Pipeline free span design has evolved from basic avoidance criteria in the DNV ’76 rules , to fatigue and ultimate limit state considerations in Guideline no. 14 . Modern multimode, multi-span free span design is predominantly performed according to DNV-RP-F105 .
In 2006, the latest revision of DNV-RP-F105  was written as a direct result of extensive research, performed due to significant free span challenges in the Ormen Lange pipeline project. DNV-RP-F105 was at the time, and still is, the only pipeline design code giving contemporary design guidance for vortex induced vibrations (VIV) and direct wave loading design for pipelines in free spans.
The last revision of DNV-RP-F105 included a few, but highly important advances, particularly the consideration for multi-mode and multi-span pipeline dynamic response behavior. In the 10 years that have followed, no breakthroughs of similar magnitude have been achieved for pipeline free spans, but a large number of incremental improvements to existing calculation methods, and some novel advances in less critical aspects of VIV understanding have been made. As a result, DNV-RP-F105 has recently been revised to account for these advances, which include improved frequency-domain analyses of wave-induced fatigue, a new response model for cross-flow VIV in low Keulegan-Carpenter (KC) regimes in pure waves, new analytical methods for dynamic response calculations of short spans in harsh conditions, and extensive guidance on how to apply the recommended practice for assessment of fatigue and extreme environmental load effects on curved structural members such as spools, jumpers and manifold flexloops.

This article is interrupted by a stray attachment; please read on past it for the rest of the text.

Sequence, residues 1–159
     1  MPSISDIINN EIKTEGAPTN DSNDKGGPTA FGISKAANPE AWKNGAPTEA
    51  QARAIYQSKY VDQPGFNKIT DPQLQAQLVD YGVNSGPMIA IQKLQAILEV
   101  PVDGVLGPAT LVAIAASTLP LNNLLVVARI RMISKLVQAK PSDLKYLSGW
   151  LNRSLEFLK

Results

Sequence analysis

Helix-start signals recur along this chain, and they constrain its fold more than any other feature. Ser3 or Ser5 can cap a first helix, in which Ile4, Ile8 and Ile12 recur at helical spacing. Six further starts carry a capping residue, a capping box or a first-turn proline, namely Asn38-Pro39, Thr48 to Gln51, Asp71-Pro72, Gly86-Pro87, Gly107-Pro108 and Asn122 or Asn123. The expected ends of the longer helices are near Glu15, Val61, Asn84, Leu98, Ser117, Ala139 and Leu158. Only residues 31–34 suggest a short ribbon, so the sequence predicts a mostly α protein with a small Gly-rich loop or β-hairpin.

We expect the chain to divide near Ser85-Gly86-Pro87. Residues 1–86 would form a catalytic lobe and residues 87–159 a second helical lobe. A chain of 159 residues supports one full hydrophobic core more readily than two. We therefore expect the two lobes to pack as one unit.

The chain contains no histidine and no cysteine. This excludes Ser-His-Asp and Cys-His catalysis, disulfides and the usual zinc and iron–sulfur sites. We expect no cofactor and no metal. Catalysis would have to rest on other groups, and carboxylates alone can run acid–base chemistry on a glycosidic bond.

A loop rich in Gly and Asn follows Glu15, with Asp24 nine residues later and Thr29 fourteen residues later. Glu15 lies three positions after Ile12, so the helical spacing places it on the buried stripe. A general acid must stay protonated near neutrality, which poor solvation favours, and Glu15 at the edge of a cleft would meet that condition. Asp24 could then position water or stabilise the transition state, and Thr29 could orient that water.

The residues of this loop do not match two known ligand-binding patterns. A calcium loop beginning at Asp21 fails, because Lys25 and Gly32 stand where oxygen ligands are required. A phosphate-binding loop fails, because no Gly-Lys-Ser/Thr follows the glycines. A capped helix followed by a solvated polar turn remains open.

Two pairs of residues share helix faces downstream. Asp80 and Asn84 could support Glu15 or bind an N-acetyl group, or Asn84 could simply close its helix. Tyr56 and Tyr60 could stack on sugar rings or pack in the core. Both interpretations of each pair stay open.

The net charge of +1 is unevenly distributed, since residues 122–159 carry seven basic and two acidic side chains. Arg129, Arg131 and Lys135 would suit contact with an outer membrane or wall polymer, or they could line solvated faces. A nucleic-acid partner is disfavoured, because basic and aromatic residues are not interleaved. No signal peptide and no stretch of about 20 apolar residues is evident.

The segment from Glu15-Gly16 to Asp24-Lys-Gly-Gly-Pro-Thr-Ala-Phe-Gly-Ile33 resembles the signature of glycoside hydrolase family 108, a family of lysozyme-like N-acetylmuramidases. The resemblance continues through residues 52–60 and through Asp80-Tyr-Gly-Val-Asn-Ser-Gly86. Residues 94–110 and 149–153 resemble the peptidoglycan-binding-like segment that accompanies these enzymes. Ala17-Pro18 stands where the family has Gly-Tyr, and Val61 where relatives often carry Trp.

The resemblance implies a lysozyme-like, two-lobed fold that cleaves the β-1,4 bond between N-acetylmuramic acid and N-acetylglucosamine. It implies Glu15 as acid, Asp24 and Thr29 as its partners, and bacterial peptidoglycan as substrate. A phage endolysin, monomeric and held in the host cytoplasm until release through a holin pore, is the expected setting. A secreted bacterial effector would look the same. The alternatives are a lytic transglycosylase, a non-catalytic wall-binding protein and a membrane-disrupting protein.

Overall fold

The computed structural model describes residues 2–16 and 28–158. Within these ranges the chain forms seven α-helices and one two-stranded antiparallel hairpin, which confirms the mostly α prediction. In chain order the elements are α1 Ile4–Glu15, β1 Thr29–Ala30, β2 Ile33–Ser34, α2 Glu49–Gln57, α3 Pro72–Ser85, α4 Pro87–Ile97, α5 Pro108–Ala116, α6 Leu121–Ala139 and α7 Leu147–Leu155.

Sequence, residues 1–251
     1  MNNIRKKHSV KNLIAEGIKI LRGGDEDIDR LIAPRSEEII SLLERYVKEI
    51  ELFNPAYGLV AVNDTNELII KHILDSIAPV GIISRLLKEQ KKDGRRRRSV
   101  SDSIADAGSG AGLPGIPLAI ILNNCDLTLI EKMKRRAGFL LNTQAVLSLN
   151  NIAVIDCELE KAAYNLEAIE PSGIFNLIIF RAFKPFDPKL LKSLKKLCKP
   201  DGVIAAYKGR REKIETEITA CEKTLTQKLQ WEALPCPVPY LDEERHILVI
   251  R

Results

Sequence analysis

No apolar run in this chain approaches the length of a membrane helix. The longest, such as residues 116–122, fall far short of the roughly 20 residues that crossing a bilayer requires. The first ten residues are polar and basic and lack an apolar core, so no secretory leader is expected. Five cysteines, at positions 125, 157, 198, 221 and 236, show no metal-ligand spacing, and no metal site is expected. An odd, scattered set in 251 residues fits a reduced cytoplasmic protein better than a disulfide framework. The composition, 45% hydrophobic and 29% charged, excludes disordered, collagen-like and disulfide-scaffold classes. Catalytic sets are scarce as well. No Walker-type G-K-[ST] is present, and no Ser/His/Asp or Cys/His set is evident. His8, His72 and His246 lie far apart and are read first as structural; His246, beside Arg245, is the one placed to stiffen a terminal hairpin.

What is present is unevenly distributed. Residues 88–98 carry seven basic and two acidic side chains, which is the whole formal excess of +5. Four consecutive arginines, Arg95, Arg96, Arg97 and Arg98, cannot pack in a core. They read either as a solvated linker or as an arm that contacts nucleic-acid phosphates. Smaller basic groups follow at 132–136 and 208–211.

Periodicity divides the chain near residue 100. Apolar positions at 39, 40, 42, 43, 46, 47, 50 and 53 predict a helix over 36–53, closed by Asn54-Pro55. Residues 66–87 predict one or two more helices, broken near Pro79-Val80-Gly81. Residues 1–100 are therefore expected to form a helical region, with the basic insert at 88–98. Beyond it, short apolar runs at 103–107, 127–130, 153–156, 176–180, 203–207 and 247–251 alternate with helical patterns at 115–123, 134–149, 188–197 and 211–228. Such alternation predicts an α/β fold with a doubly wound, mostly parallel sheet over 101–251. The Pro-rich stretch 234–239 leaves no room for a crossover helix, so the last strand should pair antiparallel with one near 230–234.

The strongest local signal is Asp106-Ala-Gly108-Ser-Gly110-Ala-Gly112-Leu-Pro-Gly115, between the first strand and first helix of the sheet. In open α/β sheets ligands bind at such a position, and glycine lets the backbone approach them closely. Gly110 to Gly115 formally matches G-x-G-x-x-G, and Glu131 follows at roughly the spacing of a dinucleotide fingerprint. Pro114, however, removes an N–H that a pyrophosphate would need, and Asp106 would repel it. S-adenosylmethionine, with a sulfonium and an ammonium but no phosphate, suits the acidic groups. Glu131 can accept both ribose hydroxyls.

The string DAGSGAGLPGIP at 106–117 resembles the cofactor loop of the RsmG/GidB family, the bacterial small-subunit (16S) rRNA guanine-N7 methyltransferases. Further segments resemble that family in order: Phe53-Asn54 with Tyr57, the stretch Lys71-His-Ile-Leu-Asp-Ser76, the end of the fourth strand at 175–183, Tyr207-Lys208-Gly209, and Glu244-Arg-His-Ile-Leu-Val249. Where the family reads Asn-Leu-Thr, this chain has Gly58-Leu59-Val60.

This paper gives an overview of most of the important changes and updates to the new revision of DNV-RP-F105. Case studies are used to demonstrate the importance and effects of the changes made, and to some extent how the revision of DNV-RP-F105 can enhance its applicability and ease of use.